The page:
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The crypto-communists behind the Web3 revolution, by Ben Pimentel

  • The true Web3 purists see the future as much more than a way to buy JPGs and make a fortune on shitcoins. They see a way to change the way the world works, the way people interact with their governments and the entire social, economic and political order. (The ambitions here are not small.) Their rhetoric sounds awfully familiar — but can the crypto-communists win this time?

Meet the women bringing tech’s worst secrets out of the shadows, by Anna Kramer

  • Ariella Steinhorn and Amber Scorah’s Lioness has become a go-to place for workers looking to share their story. It’s a way to speak directly, to get help doing so and to get protection for what happens next. It’s not a terribly lucrative job at the moment, but it’s important work, and the community around it is starting to make waves in tech.

The best company TikToks are unhinged — and it's working, by Sarah Roach

  • If you don’t follow @duolingo on TikTok, you are seriously missing out. You’d never mistake the bonkers green owl for a typical brand account, and that’s precisely the point: Companies looking for TikTok success are slowly learning to be part of the community, not gate-crashers at the social party.

How performance improvement plans backfire against the workers they're supposed to help, by Michelle Ma

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Why AI software companies are betting on small data to spot manufacturing defects, by Kate Kaye

  • “Small data” may not be the new oil just yet, but it’s a clear trend in a tech industry that’s always looking for ways to move faster and more efficiently. Companies like Landing AI are learning to use small data sets to keep manufacturing lines up and running, and spot even tiny problems before they spiral into larger ones.

The best of everything else

My first impressions of Web3 – Moxie Marlinspike

  • If you haven’t read this yet, take a few minutes and do so, because it’s a story people will reference for years to come. Marlinspike does a good job of laying out the difference between the promises and realities of Web3, and questioning whether those promises are even the right ones.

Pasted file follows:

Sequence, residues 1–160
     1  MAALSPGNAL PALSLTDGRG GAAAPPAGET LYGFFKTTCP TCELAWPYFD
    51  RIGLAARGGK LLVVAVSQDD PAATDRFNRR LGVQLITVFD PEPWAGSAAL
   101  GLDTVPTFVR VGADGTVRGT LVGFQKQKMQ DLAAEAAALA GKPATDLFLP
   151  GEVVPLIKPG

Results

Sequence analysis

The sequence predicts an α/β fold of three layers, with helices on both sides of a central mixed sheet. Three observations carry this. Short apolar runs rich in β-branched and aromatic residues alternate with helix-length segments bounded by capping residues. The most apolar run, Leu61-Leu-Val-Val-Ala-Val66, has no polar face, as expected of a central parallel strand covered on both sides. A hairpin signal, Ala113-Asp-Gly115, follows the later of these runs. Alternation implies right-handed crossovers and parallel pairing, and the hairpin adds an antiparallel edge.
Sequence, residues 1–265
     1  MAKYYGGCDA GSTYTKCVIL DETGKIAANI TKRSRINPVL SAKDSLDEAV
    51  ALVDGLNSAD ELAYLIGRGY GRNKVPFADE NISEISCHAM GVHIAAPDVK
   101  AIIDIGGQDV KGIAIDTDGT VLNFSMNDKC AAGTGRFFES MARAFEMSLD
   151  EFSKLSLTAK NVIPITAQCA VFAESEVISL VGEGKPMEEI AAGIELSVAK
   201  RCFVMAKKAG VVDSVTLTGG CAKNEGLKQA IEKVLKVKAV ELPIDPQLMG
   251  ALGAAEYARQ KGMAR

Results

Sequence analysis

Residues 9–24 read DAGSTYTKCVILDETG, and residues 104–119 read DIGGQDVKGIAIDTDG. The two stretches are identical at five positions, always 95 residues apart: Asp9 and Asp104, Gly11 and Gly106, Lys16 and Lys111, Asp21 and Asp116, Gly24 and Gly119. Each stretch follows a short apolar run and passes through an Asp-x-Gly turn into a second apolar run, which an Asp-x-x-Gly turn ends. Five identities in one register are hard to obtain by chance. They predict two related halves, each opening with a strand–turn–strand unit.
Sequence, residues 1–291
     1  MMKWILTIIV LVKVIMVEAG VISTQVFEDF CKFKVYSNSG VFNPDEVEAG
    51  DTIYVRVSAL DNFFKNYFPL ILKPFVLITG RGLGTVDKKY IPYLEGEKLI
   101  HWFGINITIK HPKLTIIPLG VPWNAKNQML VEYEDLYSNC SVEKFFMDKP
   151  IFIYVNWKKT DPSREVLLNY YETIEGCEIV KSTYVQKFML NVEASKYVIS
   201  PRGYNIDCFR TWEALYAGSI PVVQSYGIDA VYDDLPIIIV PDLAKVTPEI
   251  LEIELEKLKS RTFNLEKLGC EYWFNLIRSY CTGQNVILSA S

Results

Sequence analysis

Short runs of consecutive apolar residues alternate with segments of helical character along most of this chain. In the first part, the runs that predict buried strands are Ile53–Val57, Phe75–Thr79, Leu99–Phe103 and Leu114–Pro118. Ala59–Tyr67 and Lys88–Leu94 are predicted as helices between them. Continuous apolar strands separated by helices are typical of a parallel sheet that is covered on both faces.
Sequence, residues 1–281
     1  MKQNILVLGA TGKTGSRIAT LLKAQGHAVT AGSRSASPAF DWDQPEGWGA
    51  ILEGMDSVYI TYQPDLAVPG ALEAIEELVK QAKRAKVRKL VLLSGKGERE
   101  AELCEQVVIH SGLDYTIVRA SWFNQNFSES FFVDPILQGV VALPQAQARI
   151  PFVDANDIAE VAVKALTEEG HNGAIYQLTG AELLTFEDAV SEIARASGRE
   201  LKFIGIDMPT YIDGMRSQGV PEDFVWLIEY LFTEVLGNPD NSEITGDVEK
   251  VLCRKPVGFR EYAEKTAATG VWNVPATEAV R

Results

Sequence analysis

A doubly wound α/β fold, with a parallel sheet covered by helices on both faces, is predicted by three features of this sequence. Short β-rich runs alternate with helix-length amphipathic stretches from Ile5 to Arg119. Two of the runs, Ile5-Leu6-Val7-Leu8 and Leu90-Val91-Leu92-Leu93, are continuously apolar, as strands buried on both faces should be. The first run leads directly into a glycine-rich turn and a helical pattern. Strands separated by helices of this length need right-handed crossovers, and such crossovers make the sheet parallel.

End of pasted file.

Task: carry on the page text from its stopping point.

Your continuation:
The subversive genius of extremely slow email — The Atlantic

  • The question is starting to burble around tech: What if we just, like, did less? The internet exists to make everything faster, more efficient, more real-time, but that doesn’t mean we have to live that way. Instead, we’re getting tools that turn messaging into once-a-day rituals, a rise in “slow productivity” and a search for balance that’s not going away.

World’s biggest crypto fortune began with a friendly poker game — Bloomberg

  • Changpeng Zhao, the Binance CEO everybody just calls CZ, is worth $96 billion in crypto. (And that’s just what we know of.) His company is complicated, controversial and absolutely on a tear. CZ has long held that he wants regulation for the industry, but even he doesn’t know what’s coming.

I think I know why you can't hire engineers right now — Nash Reilly

  • A thoughtful, sharp look at what engineers are looking for right now, how the Great Resignation has shaped the job landscape for employees everywhere and what it might take to convince the best people out there to come join your company. Even when it seems like there’s money everywhere, money isn’t everything.

‘Crypto colonizers’ in Puerto Rico try to sell locals on the dream – The Washington Post

  • Puerto Rico has long been the home of the crypto expats, the HODLers looking for a place to build both their network and their portfolio. These rich transplants are building a community in the country, and completely upending the one that existed long before they got there. Not everyone’s thrilled with the change.

As Kazakhstan descends into chaos, crypto miners are at a loss — Wired

  • When China cracked down on crypto mining, Kazakhstan was a natural destination for a lot of miners. It had the right climate, plenty of space and cheap energy. But as political turmoil (and a harsh winter) has swept the country, the miners are getting caught up in the struggle, and don’t always have a next move.

Thoughts, questions, tips? Send them to our tips line, tips@protocol.com. Enjoy your day, see you Tuesday.